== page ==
I have a bit of an idea, and also a way to frame the problem that may sound a little ridiculous, but hopefully is helpful to someone.
I propose tech, free-trade, outsourcing, and other forces have impacted the US job market similar to the problem laid out in The Innovator's Dilemma .
Apple - and Steve Jobs - have been applauded for figuring out ways to solve the innovator's dilemma; specifically, Apple lets newer products with a greater profit potential cannibalize older products' smaller profits.
1. The iPod classic and iPod nano were great products that had solid profits.
2. The iPod Touch ate into iPod classic and iPod nano profits. However, it also eclipsed the profits that the earlier iPods could have achieved, since it was much more than just a music player.
3. The iPod classic and iPod nano did not mind that they sold less, and Apple changed their expectations for sales from each product line accordingly as one product took sales away from other products.
Here's how I see the US addressing a similar dilemma, but involving people's jobs:
1. Career tracks in manufacturing and energy production (coal, especially) had solid salaries and career prospects.
2. Market forces (e.g. trade deals, technology) reduced need for US manufacturing and energy production jobs. Computer programming, technology in general, and design of things rather than the manufacturing of things all have better profits for the companies involved than the building of things.
3. The people who had manufacturing and energy production jobs DO mind that they do not have a job. Government and society did NOT recalibrate goals by saying something like, "sorry your coal job experience is no longer relevant, we're going to give you basic income / job training / some other job prospects."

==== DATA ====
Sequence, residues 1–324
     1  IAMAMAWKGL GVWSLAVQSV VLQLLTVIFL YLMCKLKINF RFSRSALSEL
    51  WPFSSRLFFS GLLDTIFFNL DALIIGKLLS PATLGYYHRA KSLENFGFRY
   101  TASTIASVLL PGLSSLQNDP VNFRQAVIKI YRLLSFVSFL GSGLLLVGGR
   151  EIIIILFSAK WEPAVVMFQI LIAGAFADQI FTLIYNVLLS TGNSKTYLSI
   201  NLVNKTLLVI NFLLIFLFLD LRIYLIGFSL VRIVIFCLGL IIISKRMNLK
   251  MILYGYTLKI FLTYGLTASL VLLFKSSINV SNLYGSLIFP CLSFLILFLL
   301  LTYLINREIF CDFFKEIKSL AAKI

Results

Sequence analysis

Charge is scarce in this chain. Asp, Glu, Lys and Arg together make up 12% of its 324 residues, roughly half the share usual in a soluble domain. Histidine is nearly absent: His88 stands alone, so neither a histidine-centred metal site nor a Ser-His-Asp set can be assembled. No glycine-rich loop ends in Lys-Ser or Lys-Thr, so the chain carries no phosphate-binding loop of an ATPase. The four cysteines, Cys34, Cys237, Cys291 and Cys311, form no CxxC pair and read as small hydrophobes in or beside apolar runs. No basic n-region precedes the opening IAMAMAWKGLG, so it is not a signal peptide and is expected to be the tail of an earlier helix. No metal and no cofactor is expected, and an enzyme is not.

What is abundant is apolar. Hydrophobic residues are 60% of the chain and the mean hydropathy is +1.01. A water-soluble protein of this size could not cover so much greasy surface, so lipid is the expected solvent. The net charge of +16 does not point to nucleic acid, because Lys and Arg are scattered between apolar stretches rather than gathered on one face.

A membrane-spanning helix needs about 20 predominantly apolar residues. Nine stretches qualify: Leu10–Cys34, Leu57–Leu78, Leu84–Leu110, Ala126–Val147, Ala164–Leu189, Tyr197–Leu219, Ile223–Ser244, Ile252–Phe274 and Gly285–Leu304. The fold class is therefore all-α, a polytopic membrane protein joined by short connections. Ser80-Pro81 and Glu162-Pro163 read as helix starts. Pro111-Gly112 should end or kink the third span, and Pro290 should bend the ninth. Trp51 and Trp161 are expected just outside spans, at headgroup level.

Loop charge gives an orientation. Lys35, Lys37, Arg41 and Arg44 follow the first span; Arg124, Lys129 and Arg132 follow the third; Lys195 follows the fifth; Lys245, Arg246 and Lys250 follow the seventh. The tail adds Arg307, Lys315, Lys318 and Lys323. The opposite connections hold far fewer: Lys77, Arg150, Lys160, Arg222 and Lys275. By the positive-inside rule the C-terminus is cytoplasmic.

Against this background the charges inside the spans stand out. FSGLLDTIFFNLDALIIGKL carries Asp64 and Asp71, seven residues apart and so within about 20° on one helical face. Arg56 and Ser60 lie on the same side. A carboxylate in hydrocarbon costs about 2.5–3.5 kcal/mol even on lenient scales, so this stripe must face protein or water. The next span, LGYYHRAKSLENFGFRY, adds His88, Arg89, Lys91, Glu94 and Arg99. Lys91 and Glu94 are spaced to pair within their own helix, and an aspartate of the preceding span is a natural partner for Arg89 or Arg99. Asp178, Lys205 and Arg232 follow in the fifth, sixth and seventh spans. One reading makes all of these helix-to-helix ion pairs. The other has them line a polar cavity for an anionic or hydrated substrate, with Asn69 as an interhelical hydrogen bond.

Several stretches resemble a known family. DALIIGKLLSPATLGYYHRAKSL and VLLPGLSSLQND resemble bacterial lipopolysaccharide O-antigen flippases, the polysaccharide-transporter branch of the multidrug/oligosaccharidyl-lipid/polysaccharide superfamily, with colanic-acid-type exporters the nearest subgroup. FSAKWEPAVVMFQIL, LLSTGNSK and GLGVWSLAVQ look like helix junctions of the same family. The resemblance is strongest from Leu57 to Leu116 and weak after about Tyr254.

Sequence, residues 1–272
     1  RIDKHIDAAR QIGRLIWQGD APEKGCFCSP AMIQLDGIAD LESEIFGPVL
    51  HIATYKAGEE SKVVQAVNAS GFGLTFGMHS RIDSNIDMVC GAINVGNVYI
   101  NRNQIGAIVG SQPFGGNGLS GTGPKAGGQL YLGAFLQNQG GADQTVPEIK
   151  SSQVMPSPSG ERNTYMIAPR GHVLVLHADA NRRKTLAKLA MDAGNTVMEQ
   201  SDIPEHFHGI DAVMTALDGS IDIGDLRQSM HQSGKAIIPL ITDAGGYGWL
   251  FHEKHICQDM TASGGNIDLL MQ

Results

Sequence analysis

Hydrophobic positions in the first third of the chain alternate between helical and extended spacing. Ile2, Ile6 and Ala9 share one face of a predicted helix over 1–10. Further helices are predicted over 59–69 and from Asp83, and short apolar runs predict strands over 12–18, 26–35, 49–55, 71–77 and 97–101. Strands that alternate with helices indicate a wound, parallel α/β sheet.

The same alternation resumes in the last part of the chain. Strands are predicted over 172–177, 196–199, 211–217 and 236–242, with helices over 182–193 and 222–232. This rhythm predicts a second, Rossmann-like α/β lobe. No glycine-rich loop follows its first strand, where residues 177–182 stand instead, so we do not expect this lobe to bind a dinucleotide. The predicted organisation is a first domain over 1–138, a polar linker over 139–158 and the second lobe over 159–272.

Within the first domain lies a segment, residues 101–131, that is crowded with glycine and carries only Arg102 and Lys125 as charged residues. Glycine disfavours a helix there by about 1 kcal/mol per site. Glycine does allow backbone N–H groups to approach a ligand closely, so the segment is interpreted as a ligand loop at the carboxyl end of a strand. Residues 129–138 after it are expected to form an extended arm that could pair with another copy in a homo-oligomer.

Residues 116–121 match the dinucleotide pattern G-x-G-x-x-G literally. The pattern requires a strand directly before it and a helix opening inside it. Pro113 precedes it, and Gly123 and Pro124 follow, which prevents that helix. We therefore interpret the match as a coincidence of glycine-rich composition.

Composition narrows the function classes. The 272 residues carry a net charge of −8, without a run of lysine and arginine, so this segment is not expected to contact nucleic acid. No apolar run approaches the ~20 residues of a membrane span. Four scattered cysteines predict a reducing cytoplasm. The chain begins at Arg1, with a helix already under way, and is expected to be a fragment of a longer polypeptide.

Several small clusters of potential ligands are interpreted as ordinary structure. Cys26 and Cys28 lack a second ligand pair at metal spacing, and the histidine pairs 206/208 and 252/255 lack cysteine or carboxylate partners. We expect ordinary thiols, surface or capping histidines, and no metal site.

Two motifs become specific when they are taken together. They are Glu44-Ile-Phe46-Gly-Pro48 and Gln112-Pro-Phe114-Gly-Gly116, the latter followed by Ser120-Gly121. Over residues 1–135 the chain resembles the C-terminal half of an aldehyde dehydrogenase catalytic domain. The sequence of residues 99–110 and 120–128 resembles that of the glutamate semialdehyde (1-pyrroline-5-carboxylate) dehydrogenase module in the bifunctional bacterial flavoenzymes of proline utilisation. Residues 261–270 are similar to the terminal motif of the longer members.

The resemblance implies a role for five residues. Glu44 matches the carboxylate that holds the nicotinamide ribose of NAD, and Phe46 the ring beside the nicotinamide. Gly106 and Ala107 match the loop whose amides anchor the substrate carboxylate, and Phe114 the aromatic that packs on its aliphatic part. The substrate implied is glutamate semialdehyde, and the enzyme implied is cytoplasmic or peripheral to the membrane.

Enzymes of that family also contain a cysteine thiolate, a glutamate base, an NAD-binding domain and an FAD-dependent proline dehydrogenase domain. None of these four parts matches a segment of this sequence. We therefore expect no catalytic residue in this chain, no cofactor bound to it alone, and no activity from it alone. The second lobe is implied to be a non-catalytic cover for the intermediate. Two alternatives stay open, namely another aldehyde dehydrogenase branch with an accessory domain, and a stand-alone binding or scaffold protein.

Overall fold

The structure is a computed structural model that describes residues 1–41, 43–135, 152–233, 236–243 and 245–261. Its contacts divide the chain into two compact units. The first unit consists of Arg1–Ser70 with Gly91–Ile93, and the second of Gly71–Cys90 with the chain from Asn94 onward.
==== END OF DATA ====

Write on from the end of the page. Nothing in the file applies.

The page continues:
Apple can make the iPod classic, whose qualities are outdated, simply go away from stores without a tear shed.
The US cannot make people whose skills are outdated simply go away, though. Those people need, at a minimum, some way to pay the rent, food, and aspire to something greater than they have now.
How should the US best address this?
It makes as much sense to re-introduce the iPod classic when the iPod Touch is already out there as it does to go back to dirty energy production when clean energy production already out there, and has great qualities like an endless, easily accessible energy source in the sun and less pollution and land destruction.
However, that very thing has been proposed, and I have not seen any other plans. What about, for instance, ensuring solar panel production facilities are built near where coal jobs went away? Or perhaps big wind farms, sun farms, etc?
The places where coal is buried is not where wind or sun is best captured, but giving some kind of hope to people in those areas - whether in the form of subsidies, training, moving people, etc. It may mean some changes to those impacted, but with every big shift in technology and labor, some jobs simply are no longer necessary like they used to be.